15.77.        For inward FATS trade variables, relevant information could be obtained through the linking of trade and business statistics, such as the in the context of the services trade by enterprise characteristics (STEC) project that some European Union countries have been developing in recent years. STEC describes trade flows between countries broken down by the such characteristics of traders as type of trader, activity sector, size class or type of ownership.[5] The latter variable would be of particular interest for establishing such a link with the FATS trade variables and, thus, producing relevant breakdowns, as described above.[6] 

15.78.        Compilers should be mindful of the high burden for reporting and compiling such information when considering the production of data for the trade variables.  Consequently, it is advised to approach this in the following stages:

(a) First, produce data to measure mode 3, by distinguishing for each activity (or services product, if it is available) between sales or output of services in the country of the affiliate from services exported;

(b) Second, compile trade variables, breaking down the exports and imports data into (i) total goods and total services, (ii) trade with the parent enterprises, other affiliated enterprises and unaffiliated parties and (iii) trade with the country of the parent enterprise and with third countries;

(c) Third, compile more detailed information by product group and country.

Synergies should be found for the production of detailed data for the trade variables, in particular for inward FATS, such as STEC.

15.79.        In the European Union, for outward FATS, two sets of trade variables are recommended for compilation, subject to pilot studies: “exports and imports of goods and services” and “intragroup exports and imports of goods and services”, with intragroup referring to trade between enterprises controlled by the same unit, and the controlling unit itself. The recommendations and definitions provided are in line with those of MSITS 2010 and related guidelines (BD4, HEGI). The European Union FATS Recommendations Manual also provides additional clarifications on trade conducted by foreign affiliates: “Exports/imports of goods and services can be performed directly by the foreign affiliate or indirectly by means of other firms, such as wholesalers, that are resident in the same country and act on behalf of the foreign affiliate. In this latter case no property right transaction must occur between resident firms” (box I.3.1).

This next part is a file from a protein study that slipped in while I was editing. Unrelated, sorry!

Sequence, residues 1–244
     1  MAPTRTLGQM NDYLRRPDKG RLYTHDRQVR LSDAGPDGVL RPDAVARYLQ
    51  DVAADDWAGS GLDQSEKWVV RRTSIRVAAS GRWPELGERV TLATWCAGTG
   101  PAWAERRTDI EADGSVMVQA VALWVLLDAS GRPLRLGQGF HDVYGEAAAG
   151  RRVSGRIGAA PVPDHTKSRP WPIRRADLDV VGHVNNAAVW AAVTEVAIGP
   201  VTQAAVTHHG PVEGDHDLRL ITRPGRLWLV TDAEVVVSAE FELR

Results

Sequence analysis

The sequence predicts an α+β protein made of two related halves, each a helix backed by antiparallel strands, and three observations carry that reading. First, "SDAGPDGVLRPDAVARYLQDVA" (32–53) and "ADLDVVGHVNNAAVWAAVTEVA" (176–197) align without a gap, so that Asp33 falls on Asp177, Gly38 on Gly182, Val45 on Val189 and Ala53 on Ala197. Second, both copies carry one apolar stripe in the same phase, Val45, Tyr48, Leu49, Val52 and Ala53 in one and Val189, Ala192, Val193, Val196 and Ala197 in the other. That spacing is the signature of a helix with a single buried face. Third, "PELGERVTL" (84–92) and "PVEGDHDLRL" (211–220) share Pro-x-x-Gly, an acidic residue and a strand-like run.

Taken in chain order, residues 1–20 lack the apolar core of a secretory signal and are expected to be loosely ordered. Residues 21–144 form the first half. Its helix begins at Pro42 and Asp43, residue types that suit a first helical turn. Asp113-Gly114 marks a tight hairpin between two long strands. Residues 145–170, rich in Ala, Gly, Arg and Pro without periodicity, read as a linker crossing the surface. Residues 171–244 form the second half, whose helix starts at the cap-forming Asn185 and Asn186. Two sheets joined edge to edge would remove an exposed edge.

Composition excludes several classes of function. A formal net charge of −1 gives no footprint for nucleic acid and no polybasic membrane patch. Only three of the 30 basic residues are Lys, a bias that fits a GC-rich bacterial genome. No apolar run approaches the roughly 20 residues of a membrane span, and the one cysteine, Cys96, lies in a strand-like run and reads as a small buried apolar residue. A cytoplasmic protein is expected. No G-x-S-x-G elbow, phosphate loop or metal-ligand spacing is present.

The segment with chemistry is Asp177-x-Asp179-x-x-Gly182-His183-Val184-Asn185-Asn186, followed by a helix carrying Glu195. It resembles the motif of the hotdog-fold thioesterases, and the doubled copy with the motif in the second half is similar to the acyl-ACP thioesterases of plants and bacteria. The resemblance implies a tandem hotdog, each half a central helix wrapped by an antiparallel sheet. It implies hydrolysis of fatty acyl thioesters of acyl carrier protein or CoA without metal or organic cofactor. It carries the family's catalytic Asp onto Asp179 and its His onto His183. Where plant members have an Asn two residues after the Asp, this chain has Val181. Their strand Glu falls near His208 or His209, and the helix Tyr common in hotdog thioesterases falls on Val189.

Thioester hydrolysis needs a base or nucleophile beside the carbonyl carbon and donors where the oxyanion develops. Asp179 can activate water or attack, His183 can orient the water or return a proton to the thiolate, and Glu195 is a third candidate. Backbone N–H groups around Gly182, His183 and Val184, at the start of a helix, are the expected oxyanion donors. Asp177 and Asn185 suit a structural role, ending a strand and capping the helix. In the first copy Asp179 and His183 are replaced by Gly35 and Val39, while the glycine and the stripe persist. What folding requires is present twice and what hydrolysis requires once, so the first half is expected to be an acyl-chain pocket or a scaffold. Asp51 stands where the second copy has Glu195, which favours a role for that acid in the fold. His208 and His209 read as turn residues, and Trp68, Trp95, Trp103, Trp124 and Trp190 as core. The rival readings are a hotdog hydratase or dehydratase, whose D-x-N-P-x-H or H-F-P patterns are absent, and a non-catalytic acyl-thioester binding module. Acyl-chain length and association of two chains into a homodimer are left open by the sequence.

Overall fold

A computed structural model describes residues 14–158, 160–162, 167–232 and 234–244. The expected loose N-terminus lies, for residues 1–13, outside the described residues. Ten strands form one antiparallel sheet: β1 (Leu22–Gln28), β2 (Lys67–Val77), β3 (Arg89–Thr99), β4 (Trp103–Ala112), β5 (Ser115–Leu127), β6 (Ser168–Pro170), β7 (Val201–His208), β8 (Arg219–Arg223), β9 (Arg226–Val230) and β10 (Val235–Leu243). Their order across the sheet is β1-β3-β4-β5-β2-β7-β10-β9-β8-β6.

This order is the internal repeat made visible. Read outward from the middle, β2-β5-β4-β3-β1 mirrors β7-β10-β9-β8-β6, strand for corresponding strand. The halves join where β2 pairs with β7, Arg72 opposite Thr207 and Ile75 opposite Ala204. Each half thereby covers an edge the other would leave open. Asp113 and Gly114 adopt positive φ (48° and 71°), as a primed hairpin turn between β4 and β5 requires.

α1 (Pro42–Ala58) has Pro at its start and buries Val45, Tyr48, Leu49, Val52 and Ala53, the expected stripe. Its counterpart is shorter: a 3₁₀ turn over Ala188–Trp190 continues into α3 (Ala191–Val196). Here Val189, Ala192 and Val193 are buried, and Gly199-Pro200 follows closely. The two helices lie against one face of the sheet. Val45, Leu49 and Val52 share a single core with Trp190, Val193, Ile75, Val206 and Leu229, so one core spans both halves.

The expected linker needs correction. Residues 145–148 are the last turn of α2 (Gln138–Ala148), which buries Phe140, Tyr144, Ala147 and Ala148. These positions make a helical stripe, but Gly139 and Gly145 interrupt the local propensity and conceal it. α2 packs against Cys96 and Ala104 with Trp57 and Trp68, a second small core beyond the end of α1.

Next: E.4. Employment



[1] The distinction between related and unrelated parties is made according to the definitions used in FDI statistics.

[2] It is also important to note that exports and imports cannot normally be isolated in standard company accounts.

[3] If merchandise data are used as a source instead of goods, then compilers need to make necessary adjustments to comply with the recommendations regarding resident/non-resident transactions in goods. If that is not possible, then the differences in concept should be clearly documented (see MSITS 2010, box III.1, or the FATS Recommendations Manual  for further information. Chapter 5 of HEGI also provides useful information with respect to the measurement of intrafirm trade.

[4] Naturally a similar consideration can also be made for goods/merchandise.

[5] Eurostat, External Trade by Enterprise Characteristics: Results of the Standardization Exercise 2006, Eurostat Methodologies and Working Papers (Luxembourg, Office for Official Publications of the European Communities, 2007).

[6] Preconditions for establishing services trade by enterprise characteristics (STEC) statistics are the availability of business and trade registers in a country.  Through linking both, normally at the level of the statistical unit (legal unit) and a common identifier, trade flows can be associated with trader characteristics.  For reliable statistics, a high matching rate between records in the linked data sets is required.